First-term senator wielding such influence in House is sign of ongoing tumult in Republican Party. (J. Scott Applewhite/AP)

The beginning of the collapse of House Speaker John A. Boehner’s border bill came Wednesday evening, when Texas Sen. Ted Cruz gathered more than a dozen House Republicans at his office in the Dirksen building on Capitol Hill.

It was there, as Boehner (R-Ohio) held his own meetings on the other side of Constitution Avenue, that Cruz heard that the speaker didn’t have enough votes — and realized that if his House allies held firm, he could rupture the fragile coalition supporting the measure.

Around the room — amid the boxes of pizza and cans of Dr Pepper, a Texas favorite — were longtime Cruz confidants, such as Rep. Michele Bachmann (Minn.), and more recent ones, such as Reps. Todd Rokita (Ind.) and Marsha Blackburn (Tenn.).

For more than an hour, the 13 House members complained, often bitterly, about Boehner’s bill, several attendees said. The speaker, with his $659 million measure that would fund federal agencies and bolster security along the U.S.-Mexico border, was ignoring the real issue, they said.

The problem, they said, was President Obama’s Deferred Action for Child Arrivals program, the product of a 2012 executive order that granted temporary relief for some children of illegal immigrants. They wanted it gone, gutted, and they were furious that Boehner wouldn’t touch it.

Many warnings of a growing border crisis: A timeline of events leading up to the flood of unaccompanied minors from Central America entering the United States illegally.

Careful not to be viewed as orchestrating action in the House, even though he holds regular “fellowship” meetings with members, Cruz listened quietly and nodded along as his guests laid out their concerns and discussed possible demands for Boehner.

He agreed that Boehner was distracted and said they should stick to their principles. The freshman senator also reminded them to be skeptical of promises from House leaders, particularly of “show votes” — legislative action designed to placate conservatives that carry little, if any, weight.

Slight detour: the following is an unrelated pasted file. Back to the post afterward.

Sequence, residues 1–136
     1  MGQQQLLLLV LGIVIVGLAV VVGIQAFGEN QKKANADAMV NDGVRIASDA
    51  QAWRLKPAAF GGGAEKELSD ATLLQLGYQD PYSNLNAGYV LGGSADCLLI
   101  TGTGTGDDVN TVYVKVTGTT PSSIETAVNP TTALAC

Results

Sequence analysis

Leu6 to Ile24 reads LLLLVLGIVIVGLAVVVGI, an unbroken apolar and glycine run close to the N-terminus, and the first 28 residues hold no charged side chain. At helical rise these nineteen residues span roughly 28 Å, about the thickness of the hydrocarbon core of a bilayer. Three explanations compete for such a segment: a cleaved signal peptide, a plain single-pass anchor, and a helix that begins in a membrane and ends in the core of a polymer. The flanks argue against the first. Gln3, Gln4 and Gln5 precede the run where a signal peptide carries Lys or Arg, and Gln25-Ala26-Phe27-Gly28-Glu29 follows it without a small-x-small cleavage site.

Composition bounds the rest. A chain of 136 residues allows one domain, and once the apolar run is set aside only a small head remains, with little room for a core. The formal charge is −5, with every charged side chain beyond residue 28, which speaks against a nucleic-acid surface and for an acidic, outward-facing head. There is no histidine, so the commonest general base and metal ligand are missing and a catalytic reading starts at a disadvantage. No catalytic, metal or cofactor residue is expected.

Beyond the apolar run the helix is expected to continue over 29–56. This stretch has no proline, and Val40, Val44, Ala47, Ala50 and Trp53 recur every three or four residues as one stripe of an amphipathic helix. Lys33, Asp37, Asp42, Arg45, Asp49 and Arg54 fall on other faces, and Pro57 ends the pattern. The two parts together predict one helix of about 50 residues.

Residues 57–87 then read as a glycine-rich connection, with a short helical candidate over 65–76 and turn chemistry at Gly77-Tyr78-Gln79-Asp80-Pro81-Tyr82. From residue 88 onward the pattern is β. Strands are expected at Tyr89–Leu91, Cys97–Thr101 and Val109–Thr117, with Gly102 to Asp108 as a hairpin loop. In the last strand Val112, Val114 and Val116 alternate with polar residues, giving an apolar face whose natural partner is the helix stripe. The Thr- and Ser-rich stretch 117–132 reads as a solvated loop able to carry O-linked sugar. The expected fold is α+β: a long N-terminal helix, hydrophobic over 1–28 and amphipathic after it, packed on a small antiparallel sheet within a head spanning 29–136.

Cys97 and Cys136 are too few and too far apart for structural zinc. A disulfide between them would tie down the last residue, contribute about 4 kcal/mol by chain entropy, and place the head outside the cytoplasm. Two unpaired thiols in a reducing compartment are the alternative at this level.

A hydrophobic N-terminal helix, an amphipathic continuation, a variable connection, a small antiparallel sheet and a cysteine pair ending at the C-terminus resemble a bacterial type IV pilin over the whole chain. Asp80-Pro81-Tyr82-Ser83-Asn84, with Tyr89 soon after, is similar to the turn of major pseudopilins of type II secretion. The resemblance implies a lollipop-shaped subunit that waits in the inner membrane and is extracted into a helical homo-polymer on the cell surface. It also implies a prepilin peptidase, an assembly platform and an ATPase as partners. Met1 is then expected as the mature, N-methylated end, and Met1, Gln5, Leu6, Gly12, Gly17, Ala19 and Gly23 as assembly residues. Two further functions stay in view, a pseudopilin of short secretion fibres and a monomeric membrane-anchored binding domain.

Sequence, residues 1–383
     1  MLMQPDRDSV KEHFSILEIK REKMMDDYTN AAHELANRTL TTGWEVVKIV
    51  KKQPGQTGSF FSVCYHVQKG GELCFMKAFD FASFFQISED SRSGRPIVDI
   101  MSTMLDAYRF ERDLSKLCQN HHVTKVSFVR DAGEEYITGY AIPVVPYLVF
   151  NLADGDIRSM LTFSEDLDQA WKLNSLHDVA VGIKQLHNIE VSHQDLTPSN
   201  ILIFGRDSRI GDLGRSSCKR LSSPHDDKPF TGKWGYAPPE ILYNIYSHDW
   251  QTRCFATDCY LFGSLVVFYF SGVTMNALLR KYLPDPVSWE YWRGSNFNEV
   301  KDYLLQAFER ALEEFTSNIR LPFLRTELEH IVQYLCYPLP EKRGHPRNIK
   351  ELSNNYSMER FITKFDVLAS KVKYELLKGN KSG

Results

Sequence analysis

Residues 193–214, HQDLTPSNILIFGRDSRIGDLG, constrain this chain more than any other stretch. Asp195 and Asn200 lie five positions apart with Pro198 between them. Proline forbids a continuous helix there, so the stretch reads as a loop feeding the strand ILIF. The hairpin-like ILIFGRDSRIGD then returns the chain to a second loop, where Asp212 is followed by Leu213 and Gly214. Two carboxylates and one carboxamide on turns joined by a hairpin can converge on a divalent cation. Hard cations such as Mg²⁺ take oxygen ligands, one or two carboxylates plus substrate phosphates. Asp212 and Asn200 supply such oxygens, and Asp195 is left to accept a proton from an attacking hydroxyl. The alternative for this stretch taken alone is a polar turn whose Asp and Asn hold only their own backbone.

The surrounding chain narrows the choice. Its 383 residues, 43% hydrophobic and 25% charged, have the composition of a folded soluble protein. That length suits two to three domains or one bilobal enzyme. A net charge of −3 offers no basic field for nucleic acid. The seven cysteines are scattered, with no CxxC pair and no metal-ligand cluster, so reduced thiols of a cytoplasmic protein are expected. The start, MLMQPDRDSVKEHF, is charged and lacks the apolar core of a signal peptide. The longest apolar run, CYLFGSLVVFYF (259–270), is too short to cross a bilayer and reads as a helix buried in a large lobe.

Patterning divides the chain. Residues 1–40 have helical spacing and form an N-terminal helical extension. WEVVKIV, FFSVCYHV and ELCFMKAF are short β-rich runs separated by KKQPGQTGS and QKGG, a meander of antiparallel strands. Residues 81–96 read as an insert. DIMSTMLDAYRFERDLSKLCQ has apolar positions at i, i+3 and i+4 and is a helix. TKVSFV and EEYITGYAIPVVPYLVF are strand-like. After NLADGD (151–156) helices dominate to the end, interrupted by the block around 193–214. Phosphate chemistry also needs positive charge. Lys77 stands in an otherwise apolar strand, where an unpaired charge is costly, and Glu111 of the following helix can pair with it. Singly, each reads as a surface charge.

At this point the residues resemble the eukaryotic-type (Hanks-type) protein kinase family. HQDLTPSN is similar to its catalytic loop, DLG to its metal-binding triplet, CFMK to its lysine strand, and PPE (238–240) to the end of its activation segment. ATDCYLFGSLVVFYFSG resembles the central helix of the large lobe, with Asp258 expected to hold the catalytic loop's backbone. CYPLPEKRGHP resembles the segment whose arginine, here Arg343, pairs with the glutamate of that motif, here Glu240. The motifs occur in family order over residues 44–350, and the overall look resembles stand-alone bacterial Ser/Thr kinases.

That quiet assurance was enough to persuade the conservatives to effectively topple Boehner’s plan, at least on Thursday, by balking when he said he would hold a largely symbolic standalone vote on Obama’s program.

Bachmann told reporters in a gaggle Thursday morning that she would not “vote for a bill that is going to look good but do nothing.” Rep. Louie Gohmert (R-Tex.), who also attended the Cruz session, scowled when asked whether he would back Boehner, and said, “I’m not there yet.”

In an interview, Cruz said that he did not dictate what the members should do, but only reaffirmed his position against Boehner’s plan.

“The suggestion by some that House members are unable to stand up and fight for their own conservative principles is offensive and belittling to House conservatives,” Cruz said. “They know what they believe and it would be absurd for anyone to try to tell them what to think.”

A first-term senator wielding such influence in the House is both unusual and a testament to the ongoing tumult within the Republican Party. Sensing a desire by many in the House to follow an unyielding conservative, Cruz has gladly taken on that role, bolstering his national profile ahead of a potential 2016 presidential campaign.

More than 57,000 unaccompanied minors have crossed into the United States from Mexico since October 2013. Here are 10 numbers to know about the growing humanitarian crisis. (Tom LeGro and Natalie Jennings/The Washington Post)